October 21, 2013

The story of a pond...the story of our lives

In the 92-acre Sanjeeviah Park in Hyderabad, this was the only pond. I called it the lotus pond or the duck pond for obvious reasons. Anyone taking a walk down the path along the Hussainsagar side of the park would definitely stop to enjoy the beauty of this pond. When I saw the colours of this pond, I understood what might have inspired artists like Suryaprakash or Milind Naik or Claude Monet. 

I often stopped here, beneath the Kadamb trees, just to sit and not think, just to stare and wonder at how many shades green has, and to experience the serenity and the life in the pond. I watched a pair of coots busy making a nest amidst the grasses of the pond, and was hugely excited to see them with their family of five some weeks later!  

Quiet and serene... 

 ...the lotus pond

A cormorant drying its feathers 

 The greens...

That moment when I wished I could paint...

...and the joy when I spotted the coot family!

Then, rude shock.

In September this year, I saw that the pond had been cordoned off, and seemed like land-reclamation activity. I saw the state of the pond and was horrified. The water level had risen destroying the lotuses and the grasses, and the birds were nowhere to be seen. I asked around and was told that they were going to make a garden in place of the pond. Why?...Why?

This is what it looked like, after the human interference. 






“In the end we will conserve only what we love; we will love only what we understand; and we will understand only what we have been taught.” ― Baba Dioum (Senegalese poet and naturalist)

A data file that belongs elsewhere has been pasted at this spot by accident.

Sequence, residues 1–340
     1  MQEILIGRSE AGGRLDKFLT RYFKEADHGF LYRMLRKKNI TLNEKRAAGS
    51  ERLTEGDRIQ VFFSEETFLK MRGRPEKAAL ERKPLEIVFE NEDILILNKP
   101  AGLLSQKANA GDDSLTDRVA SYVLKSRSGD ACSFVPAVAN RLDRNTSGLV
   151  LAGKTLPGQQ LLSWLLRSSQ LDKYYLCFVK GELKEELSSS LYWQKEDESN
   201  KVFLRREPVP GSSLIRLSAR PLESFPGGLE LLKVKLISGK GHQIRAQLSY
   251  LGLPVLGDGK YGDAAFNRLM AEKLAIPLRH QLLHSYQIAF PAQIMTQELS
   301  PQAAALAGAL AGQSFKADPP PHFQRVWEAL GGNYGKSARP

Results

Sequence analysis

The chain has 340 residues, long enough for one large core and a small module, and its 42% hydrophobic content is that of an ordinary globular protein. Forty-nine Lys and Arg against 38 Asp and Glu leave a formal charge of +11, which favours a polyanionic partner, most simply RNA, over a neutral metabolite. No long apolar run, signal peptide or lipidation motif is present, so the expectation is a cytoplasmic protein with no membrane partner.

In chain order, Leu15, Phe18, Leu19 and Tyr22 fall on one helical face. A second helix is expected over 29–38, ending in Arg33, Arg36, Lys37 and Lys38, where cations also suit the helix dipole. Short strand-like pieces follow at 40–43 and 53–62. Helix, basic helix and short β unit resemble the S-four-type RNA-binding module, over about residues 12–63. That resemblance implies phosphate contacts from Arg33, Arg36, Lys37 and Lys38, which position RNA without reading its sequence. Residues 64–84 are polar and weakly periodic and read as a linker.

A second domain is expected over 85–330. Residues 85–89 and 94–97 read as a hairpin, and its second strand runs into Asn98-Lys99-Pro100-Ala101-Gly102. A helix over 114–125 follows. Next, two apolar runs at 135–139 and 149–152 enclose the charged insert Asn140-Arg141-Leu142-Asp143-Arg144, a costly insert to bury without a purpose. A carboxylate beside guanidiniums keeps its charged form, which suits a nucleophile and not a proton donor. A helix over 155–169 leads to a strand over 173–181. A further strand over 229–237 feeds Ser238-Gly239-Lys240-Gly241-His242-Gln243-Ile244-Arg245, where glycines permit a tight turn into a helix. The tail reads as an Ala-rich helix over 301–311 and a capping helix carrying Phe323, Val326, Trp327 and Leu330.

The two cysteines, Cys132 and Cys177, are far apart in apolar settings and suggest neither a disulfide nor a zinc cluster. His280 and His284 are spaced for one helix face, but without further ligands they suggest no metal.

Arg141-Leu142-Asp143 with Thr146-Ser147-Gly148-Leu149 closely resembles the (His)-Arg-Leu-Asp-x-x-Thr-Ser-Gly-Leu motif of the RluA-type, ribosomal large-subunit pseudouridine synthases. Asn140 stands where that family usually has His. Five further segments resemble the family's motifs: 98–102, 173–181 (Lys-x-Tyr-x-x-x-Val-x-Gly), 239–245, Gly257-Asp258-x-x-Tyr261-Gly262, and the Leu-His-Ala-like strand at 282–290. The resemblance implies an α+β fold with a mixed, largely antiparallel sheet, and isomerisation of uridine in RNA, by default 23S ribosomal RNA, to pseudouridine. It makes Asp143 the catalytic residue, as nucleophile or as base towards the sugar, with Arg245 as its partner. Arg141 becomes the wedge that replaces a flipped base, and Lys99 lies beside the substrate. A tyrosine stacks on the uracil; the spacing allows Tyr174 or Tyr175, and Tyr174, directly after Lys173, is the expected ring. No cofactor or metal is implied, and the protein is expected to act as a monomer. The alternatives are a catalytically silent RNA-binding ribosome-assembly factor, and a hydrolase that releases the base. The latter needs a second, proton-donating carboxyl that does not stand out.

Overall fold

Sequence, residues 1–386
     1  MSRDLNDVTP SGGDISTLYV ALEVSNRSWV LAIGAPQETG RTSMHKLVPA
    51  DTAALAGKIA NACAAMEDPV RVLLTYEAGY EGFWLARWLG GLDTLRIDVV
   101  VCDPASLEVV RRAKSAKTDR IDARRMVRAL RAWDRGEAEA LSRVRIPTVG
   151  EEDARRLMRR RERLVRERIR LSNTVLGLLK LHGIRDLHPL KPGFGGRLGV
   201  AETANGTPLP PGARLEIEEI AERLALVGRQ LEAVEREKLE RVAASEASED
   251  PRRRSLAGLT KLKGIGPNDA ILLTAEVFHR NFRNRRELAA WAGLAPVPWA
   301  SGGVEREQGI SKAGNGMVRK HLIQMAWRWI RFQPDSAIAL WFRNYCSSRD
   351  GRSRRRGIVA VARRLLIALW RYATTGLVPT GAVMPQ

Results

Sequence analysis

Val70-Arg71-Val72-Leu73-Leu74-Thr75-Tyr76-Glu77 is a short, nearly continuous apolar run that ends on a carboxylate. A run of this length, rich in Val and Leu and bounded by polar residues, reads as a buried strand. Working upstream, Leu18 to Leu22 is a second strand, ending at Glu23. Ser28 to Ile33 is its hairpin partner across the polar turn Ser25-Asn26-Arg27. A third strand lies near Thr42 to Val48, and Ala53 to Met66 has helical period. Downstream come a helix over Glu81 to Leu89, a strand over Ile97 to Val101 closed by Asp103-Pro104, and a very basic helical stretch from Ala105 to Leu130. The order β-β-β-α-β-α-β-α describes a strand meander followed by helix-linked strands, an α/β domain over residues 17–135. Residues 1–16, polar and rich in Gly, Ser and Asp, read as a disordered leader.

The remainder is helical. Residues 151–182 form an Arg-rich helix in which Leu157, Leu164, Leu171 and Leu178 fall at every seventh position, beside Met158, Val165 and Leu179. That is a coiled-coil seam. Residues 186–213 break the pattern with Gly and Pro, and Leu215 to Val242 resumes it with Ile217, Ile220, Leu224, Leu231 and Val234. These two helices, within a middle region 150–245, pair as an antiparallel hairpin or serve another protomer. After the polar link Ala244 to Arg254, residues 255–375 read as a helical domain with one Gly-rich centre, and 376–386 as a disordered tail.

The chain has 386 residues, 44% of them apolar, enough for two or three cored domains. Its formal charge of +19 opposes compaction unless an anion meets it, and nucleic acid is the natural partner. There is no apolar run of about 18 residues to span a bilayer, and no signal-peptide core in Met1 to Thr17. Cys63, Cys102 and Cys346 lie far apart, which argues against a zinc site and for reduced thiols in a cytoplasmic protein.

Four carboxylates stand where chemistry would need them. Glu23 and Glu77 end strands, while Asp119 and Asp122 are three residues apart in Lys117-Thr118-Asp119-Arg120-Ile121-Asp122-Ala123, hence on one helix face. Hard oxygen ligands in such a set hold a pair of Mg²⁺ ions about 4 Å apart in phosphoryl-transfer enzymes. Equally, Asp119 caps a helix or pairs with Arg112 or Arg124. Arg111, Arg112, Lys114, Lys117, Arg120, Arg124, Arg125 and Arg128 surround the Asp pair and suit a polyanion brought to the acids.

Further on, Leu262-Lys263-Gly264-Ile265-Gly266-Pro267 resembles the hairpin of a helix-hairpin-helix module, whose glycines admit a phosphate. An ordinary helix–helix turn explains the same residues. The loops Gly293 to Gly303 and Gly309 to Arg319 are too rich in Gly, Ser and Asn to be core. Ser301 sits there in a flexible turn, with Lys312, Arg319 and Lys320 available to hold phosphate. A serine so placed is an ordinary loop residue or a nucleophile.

I have no other words. Just memories of something beautiful.

Did it have to be this way - HMDA?

Photos: Sadhana Ramchander; do use them to help the cause, but credit them to me.


Read this update on this story in November 2014

3 comments:

Suroor said...

I'm sorry about the pond, Sadhana. I guess what a lot of humans just don't get is how important these spaces are--for us and the biosystem in general. For a so-called intelligent species, we're not very bright. Here they cut down a road full of huge trees, which created a canopy of green that used to be lovely to drive through on our way to work. Grrr.

There's a book by George Monbiot on how being in natural surroundings is so important for kids (http://www.theguardian.com/books/2013/may/24/feral-searching-enchantment-monbiot-review). It's pretty clear that living in concrete jungles affects people on so many levels.

We owe so much to nature but just keep destroying it. We'll either have to realize what we're doing before it's too late or--well, it'll be too late.

Sorry to be so pessimistic, but this kind of thing makes me mad!

Sadhana Ramchander said...

Thanks for your comment and the link, Suroor. Sorry about the trees down your road. That happens a lot here too. You are right. They just don't get it. It is very sad to watch this happen...

Laj said...

I love Sanjeeviah park, what is happening there is hard to digest.